The Arab countries recognize a need for new and practical leagues, such as NATO, to address the defense needs of the Middle East region. The Arab League has consistently failed to discuss any of the urgent challenges that have arisen over the decades within the Arab world, notably the escalating Iranian Shiite rebellion in the Middle East. The Gulf Cooperation Council (GCC) is not in a better shape either; the 40th December 10, 2019 summit in Riyadh failed to bring the leaders of the six-member states to address the most severe crisis; Iran, the dispute between Qatar, Saudi Arabia and the UAE, human rights and freedom of expression and defending the cause of democracy across the Arab world.
The Israel-UAE normalization deal is a recognition of Israel's position as a robust regional power competing with Turkey in serving U.S. interests in the Middle East. The Joint Military exercises with the U.S along with the growing public exposure are increasing the deterrent effect of such position. However, political, religious extremism, terrorism, and the proliferation of ballistic missiles and unconventional weapons still represent a threat to Israel. To establish peace in the Middle East, a political alliance or peace agreement has to include a form of a military alliance. The coalition has to guarantee the freedom and security of its members through political and military means.
The Israel-UAE normalization deal is an opportunity for the region to organize a peace conference in Abu Dhabi or Riyadh, and patronages by the U.S along with major regional powers except Iran, to create a political peace momentum and welcome the efforts of other peace ambitious countries, such as Bahrain, Oman, Sudan, and Morocco. The conference will be a chance to discuss future military alliances between the new peace and normalization countries to address the threat of Iran, counterterrorism involving military and non-military measures to address the full spectrum of crises before, during and after conflicts in the Middle East.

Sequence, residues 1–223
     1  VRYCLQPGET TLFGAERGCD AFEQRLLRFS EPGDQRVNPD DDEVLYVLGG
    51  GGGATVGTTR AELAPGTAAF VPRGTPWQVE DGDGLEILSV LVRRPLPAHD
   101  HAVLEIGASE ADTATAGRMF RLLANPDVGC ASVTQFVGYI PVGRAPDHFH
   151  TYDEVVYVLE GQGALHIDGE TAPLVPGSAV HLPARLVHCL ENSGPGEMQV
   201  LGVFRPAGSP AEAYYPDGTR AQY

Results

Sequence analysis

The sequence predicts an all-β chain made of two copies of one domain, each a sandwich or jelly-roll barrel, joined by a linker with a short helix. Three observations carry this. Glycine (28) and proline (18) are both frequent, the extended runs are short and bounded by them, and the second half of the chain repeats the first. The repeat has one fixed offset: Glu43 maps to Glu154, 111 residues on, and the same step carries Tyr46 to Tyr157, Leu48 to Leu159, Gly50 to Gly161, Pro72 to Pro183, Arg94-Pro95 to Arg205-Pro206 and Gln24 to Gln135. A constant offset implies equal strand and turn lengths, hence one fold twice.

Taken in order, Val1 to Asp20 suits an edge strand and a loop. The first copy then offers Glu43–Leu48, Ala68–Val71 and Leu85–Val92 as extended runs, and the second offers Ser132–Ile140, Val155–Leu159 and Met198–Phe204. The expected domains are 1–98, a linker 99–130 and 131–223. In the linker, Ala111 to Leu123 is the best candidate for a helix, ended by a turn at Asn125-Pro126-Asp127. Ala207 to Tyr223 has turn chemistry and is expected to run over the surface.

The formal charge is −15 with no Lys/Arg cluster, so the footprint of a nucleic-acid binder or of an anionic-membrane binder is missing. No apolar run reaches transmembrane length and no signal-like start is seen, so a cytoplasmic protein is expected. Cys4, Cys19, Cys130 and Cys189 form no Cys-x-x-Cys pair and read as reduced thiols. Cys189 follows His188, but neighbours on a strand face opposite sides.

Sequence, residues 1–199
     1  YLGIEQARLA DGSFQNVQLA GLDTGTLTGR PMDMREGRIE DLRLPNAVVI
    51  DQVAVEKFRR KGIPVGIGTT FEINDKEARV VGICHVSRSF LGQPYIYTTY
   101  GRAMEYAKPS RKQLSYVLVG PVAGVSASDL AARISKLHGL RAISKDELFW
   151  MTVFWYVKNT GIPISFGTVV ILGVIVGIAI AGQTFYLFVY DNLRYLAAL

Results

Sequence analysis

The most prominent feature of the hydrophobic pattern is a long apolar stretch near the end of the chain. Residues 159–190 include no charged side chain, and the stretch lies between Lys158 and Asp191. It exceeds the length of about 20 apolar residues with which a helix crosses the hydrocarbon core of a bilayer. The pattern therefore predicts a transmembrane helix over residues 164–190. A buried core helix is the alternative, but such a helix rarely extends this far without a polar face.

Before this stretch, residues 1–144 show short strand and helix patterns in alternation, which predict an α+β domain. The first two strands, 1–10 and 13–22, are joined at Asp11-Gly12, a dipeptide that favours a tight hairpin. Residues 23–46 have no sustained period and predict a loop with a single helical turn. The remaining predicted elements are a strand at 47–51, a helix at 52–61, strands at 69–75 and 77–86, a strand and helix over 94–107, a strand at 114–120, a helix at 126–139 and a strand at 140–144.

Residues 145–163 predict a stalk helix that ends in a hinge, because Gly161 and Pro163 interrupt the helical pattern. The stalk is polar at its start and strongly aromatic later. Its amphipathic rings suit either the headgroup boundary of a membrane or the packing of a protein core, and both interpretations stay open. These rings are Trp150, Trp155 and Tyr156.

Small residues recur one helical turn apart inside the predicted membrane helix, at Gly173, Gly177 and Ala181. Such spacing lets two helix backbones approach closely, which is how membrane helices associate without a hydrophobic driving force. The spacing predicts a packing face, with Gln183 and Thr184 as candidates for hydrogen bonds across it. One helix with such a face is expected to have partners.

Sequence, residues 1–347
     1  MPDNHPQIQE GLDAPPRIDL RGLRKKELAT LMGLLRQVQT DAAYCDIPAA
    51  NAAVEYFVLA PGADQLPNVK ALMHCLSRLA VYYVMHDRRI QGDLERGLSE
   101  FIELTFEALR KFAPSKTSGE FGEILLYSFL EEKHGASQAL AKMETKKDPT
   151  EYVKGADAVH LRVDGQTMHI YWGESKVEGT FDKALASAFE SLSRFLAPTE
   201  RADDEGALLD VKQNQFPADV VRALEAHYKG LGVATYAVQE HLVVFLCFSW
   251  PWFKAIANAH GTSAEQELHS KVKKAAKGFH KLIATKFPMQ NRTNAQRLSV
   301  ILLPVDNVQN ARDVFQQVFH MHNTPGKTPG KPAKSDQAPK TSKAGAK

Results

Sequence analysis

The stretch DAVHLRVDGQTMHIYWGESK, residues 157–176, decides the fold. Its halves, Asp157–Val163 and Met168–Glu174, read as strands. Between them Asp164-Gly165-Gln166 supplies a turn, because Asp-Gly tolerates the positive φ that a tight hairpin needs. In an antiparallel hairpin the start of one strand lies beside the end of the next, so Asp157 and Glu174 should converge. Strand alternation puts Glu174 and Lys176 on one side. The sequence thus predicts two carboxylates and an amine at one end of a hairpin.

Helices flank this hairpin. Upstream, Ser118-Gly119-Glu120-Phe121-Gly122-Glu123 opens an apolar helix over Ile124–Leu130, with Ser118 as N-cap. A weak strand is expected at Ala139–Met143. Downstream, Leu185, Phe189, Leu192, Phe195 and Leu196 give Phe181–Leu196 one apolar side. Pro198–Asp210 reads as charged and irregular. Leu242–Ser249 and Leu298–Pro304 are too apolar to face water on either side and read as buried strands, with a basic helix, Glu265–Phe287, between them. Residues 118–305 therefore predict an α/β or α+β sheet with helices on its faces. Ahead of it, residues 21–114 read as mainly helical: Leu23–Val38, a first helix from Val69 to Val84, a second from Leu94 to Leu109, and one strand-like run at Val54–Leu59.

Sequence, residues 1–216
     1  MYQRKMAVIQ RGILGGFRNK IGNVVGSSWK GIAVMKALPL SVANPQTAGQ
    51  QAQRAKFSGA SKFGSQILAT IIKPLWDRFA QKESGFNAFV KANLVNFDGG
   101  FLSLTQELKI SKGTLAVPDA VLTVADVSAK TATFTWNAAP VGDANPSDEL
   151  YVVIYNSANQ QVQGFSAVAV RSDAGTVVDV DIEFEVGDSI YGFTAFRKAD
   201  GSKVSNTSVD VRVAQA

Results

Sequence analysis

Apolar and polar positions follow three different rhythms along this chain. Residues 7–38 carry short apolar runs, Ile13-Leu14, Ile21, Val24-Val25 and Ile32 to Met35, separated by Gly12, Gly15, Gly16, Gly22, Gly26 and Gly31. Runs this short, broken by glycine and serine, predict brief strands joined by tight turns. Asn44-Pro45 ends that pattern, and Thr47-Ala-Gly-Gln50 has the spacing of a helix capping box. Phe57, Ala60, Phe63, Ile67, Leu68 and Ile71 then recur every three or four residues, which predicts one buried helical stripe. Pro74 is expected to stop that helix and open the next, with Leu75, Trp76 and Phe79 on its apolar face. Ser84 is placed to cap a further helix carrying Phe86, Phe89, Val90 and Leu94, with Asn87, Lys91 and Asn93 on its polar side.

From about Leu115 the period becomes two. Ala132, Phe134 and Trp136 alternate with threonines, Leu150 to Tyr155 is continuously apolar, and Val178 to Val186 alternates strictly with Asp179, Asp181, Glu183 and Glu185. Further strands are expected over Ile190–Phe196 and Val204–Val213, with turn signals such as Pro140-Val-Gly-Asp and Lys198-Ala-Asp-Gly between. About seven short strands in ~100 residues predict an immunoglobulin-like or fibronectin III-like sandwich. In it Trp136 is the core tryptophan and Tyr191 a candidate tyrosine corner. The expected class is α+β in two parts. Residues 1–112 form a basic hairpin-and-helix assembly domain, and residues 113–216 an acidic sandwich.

Another opportunity is the potential for anti-Iranian military and intelligence activity that will rise if the remaining Gulf States, including Saudi Arabia, joining the UAE in normalizing with Israel. According to James Stavridis, the former supreme allied commander of NATO, the opportunity will prepare the ground for a new coalition with advanced early warning systems against Iranian missiles; a connected command and control network for missile defense; naval operations in the Red Sea, northern Indian Ocean and Arabian Gulf; shared military technology; and a regular exchange of intelligence.
The Israel-UAE normalization deal is an opportunity for Israel and the UAE to organize a joint military technology, defense exhibition, and invite representatives of global companies specialized in manufacturing modern military equipment in Abu Dhabi. The conference will be a chance for academics and military experts to discuss the future of military technology in the Middle East. Such a meeting with Israel's attendance will send a message to the Iranian regime to recalculate its policy in the region.